Giving love a bad name.
PLAYERS: 1-2 alternating/simultaneous
RELEASE DATE: February 1987
Compared to Capcom’s better remembered arcade ports for the NES, Trojan remains in semi-obscurity for its inability to distinguish itself. The game feels like a cautious transition between the overbearing non-stop action of Ghosts ‘N Goblins and the exploration elements of Strider, as if Capcom was unsure of where to go next. This uncertainty doesn’t make Trojan a bad game, just an atypical nondescript brawler that ultimately led to more fully-realized Capcom games.
You control Trojan, a big red-haired dude with a sword and shield who battles other dudes (and dudettes) with swords in a post-apocalyptic setting. Unlike Arthur who, when hit, gets stripped down to his heart-filled boxers, or Strider, whose bad-ass wall jump was a minor revelation, Trojan has no traits to call his own; he’s just another personality-devoid warrior looking to save the world. Like Ghouls ‘N Ghosts, enemies will replicate themselves and never stop coming for you, but the difficulty isn’t as swear-inducing, thanks to Trojan’s sweeping sword attacks. He also has a shield to block projectiles, which is handy, but difficult to control. The shield is controlled with the ‘A’ button, which means his attack is ‘B’ which means… sigh… ‘Up’ is jump. Thank God jumping doesn’t feel too awkward, a testament to Capcom’s tight controls. Most of the levels are short: three-to-five screens of enemies each, followed by a boss. Before you know it, Trojan‘s over, and you’re left wondering why a Capcom-developed NES action game feels so inconsequential.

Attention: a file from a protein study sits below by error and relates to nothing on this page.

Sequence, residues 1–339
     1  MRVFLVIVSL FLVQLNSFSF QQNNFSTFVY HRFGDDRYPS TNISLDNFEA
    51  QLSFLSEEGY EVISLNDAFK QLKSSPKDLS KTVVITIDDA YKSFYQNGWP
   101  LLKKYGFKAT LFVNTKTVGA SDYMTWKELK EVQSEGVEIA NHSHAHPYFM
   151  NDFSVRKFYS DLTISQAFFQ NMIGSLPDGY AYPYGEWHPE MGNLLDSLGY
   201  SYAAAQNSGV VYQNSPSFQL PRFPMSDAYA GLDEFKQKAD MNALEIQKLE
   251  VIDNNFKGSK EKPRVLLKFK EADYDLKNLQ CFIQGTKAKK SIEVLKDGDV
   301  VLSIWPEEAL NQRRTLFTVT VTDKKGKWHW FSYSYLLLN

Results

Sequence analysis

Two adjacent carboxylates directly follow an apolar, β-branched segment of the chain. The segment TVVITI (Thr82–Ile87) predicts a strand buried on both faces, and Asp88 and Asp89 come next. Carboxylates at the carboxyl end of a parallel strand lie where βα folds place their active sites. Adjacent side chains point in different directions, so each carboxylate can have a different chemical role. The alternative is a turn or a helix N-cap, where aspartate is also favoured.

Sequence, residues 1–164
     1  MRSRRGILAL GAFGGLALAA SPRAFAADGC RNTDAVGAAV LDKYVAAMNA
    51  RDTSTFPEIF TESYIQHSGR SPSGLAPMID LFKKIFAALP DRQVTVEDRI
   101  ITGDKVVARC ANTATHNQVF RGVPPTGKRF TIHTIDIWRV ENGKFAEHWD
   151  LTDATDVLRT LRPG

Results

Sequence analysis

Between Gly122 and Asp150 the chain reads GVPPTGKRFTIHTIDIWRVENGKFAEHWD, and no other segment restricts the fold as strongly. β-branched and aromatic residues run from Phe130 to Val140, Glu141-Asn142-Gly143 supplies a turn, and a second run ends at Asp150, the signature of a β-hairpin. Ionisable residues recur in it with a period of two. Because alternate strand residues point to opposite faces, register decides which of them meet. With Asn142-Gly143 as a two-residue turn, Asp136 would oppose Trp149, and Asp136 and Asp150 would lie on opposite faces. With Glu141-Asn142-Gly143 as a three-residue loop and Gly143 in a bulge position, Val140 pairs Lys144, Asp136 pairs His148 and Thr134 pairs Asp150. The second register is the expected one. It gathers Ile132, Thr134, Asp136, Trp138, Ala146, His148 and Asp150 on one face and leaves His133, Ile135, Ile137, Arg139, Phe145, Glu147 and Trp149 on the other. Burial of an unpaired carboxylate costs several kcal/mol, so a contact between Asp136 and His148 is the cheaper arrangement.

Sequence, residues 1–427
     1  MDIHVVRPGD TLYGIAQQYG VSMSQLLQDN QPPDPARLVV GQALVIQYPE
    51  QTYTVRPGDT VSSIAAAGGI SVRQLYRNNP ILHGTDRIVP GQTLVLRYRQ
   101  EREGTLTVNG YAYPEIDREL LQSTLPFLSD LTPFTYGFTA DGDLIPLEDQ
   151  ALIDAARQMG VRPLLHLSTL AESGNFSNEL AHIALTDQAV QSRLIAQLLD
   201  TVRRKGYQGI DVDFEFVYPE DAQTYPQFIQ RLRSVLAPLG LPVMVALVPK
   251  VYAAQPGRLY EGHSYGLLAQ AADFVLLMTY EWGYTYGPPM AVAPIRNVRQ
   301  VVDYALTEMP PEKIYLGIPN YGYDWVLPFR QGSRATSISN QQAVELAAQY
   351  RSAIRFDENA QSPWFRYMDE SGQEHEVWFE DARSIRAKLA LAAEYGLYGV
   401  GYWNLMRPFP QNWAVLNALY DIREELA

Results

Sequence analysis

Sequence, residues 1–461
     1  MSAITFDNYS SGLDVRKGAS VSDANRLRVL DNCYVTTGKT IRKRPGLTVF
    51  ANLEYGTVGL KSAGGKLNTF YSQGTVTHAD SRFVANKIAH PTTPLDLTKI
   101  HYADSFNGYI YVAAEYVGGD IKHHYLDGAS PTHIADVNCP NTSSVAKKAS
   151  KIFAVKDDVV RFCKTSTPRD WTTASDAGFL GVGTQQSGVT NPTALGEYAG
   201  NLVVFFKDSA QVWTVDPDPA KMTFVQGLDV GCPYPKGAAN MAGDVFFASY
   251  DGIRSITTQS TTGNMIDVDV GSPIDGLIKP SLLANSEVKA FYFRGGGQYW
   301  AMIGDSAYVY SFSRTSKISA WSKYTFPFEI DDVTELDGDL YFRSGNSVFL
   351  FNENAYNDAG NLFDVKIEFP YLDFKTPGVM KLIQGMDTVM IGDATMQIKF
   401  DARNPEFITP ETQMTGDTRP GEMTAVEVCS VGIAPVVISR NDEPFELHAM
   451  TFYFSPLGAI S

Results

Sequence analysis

And yet, around the fourth level, something strange happens: Trojan must collect keys in order to open doors. The keys are not difficult to obtain, but going out of your way to find them is the one instance in Trojan where Capcom deviates from the traditional action brawler formula. Sound insubstantial? Perhaps. But I’d argue that Capcom knew exactly what they were doing with this level. Collecting the keys feels out of place and unnatural, and it’s also a welcome reprieve from the constant button-mashing. From level five to level seven, it’s sword-slicing action as usual, with no further digressions.
With this brief key-snatching section, I believe Capcom was testing the proverbial waters of the console format. Would players be content with entertaining, albeit mindless, brawling, as they were in the arcades? Or would they crave a deeper experience with their action in the home? Capcom must have felt the latter was the case. Bionic Commando, Strider, and of course, the Mega Man series are some of the most successful and influential action games on the NES, thanks to their willingness to experiment with the arcade action formula. Trojan may or may not have been the impetus for future successes, but, given the game’s release date (early 1987), it feels like a turning point for the company’s console game strategy. Trojan is not Capcom’s most creative hour, but if it helped bring us better games, then I’m thankful for its existence.